There may be no need to feel guilty about putting off your annual trip to the gynecologist anymore! New guidelines from the American College of Obstetricians and Gynecologists assert that healthy women should not get cervical cancer screening pap tests every year. Instead they encourage women to get the screening every two to three years. The medical group also recommends against getting a pap test until after the age of 21, even if an adolescent is sexually active.
The new recommendations against annual cervical cancer screenings are not intended to save you embarrassment or discomfort — they're meant to prevent unnecessary and possibly harmful treatments. For example, treatment of precancerous HPV symptoms that would otherwise go away on their own puts women at a higher risk of giving birth to a premature or underweight baby. Still, cervical cancer rates have dropped 50 percent since the 1970s mostly thanks to the pap test, so I hope the doctors aren't trying to fix something that isn't broken. But the authors of the guidelines explain that the same results can be accomplished with less-regular screenings.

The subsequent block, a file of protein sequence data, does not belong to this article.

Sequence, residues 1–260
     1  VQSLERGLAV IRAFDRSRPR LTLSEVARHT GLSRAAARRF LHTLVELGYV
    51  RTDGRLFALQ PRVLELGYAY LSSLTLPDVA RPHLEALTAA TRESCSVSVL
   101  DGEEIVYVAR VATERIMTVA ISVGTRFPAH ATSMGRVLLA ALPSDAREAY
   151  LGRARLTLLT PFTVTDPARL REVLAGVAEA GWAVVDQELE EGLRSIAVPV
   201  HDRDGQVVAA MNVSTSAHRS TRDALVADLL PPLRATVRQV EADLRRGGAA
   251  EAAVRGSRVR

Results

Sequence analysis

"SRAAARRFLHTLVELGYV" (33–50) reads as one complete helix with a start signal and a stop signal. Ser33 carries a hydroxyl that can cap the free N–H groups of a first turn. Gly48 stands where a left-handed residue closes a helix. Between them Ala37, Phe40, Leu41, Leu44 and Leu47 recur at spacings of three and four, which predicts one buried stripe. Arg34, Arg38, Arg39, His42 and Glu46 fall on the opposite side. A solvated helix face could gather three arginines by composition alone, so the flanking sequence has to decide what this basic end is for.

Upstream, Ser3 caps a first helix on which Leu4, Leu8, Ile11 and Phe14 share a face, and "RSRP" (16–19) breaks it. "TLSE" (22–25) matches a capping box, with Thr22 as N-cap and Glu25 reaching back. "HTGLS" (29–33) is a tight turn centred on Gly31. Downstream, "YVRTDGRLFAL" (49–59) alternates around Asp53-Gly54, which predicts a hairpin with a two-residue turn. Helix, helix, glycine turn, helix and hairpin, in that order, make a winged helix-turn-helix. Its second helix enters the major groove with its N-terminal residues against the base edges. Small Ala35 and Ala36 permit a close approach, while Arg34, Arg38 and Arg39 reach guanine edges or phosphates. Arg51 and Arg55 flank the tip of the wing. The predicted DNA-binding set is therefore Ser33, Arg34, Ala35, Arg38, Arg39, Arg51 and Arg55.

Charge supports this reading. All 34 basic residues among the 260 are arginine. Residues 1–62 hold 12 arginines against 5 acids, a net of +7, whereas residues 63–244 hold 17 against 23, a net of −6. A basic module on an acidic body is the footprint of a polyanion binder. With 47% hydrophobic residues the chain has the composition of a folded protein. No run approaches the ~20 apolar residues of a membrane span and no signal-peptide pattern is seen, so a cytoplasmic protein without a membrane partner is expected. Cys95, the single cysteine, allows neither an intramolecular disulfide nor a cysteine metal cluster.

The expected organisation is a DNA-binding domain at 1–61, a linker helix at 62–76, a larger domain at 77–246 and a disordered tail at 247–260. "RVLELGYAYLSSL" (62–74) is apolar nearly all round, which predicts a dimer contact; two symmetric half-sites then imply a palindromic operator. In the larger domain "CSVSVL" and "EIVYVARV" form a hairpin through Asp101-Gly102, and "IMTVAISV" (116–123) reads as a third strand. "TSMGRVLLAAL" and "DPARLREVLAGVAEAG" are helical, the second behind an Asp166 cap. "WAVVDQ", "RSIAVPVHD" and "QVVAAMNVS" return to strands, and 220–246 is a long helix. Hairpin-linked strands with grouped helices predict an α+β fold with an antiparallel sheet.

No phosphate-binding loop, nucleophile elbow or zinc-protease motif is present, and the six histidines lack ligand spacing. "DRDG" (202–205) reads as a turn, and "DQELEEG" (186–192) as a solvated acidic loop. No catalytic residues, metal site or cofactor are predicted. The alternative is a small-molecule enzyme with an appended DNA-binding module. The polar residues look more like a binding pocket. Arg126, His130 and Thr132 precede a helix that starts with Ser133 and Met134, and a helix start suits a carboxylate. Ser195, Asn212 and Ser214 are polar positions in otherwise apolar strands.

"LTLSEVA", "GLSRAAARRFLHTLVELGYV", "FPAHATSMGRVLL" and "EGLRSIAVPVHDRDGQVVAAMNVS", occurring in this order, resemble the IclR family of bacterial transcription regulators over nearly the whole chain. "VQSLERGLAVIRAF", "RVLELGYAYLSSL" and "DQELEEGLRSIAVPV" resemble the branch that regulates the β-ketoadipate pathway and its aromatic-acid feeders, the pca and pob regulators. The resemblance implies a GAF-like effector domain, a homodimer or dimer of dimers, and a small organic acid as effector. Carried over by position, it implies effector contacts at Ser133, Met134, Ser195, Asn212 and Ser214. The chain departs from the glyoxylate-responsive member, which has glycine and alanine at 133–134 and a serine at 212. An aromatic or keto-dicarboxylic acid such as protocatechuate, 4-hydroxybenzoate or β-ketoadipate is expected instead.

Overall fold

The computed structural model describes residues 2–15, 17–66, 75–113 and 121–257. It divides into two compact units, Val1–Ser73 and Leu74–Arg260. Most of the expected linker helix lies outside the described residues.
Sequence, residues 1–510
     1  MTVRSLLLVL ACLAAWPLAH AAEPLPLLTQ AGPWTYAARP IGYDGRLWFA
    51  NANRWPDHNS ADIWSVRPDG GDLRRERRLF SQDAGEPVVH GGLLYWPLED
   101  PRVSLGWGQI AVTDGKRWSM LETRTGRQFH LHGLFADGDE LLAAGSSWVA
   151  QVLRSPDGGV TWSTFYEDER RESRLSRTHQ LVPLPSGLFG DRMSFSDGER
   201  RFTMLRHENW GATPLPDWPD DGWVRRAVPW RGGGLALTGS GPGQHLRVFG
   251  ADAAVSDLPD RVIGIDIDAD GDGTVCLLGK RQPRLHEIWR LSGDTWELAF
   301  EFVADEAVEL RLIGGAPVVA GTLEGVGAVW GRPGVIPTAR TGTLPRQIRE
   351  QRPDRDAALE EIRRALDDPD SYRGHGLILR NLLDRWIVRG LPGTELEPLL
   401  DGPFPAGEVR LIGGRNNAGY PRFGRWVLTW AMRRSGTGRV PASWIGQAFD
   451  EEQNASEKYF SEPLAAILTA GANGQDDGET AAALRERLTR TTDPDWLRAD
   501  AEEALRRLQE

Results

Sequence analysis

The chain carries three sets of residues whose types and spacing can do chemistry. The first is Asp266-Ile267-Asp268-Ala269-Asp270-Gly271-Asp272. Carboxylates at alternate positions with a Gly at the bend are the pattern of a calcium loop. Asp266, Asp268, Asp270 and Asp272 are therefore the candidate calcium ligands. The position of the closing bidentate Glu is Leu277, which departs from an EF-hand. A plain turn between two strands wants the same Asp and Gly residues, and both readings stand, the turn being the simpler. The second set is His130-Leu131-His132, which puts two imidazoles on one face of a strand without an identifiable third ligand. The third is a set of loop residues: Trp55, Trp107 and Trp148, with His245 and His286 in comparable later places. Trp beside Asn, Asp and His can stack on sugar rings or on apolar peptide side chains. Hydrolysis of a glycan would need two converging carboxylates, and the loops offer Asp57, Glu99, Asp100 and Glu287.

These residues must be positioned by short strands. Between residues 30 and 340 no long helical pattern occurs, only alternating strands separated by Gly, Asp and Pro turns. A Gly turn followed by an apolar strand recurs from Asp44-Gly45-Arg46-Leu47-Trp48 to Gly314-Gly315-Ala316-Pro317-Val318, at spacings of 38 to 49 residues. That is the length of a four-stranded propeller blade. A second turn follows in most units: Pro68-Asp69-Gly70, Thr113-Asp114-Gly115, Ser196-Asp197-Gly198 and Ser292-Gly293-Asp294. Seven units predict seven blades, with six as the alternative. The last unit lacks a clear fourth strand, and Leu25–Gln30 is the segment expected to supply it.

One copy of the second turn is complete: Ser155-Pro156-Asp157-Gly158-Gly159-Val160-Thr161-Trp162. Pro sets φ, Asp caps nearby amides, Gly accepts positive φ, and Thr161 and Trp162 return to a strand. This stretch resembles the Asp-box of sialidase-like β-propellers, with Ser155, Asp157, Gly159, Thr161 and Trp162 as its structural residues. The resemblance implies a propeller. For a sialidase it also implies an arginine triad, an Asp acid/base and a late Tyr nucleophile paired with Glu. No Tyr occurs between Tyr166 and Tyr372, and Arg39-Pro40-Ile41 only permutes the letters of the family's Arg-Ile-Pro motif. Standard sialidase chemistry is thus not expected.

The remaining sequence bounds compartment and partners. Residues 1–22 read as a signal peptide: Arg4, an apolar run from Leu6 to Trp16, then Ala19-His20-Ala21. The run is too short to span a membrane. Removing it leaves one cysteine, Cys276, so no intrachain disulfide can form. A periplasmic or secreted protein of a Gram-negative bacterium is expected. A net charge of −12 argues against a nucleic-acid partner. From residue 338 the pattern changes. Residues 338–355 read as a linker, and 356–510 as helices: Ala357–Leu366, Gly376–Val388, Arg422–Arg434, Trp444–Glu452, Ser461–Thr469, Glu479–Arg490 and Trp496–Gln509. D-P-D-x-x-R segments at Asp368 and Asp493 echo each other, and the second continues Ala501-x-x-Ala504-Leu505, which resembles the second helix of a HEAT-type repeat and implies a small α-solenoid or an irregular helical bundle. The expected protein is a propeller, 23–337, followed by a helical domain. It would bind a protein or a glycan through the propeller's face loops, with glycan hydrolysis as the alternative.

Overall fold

I'll admit the idea that less screening can be better for your sexual health seems counterintuitive. Will you stick to your annual pap test or do you welcome a chance to get one less frequently?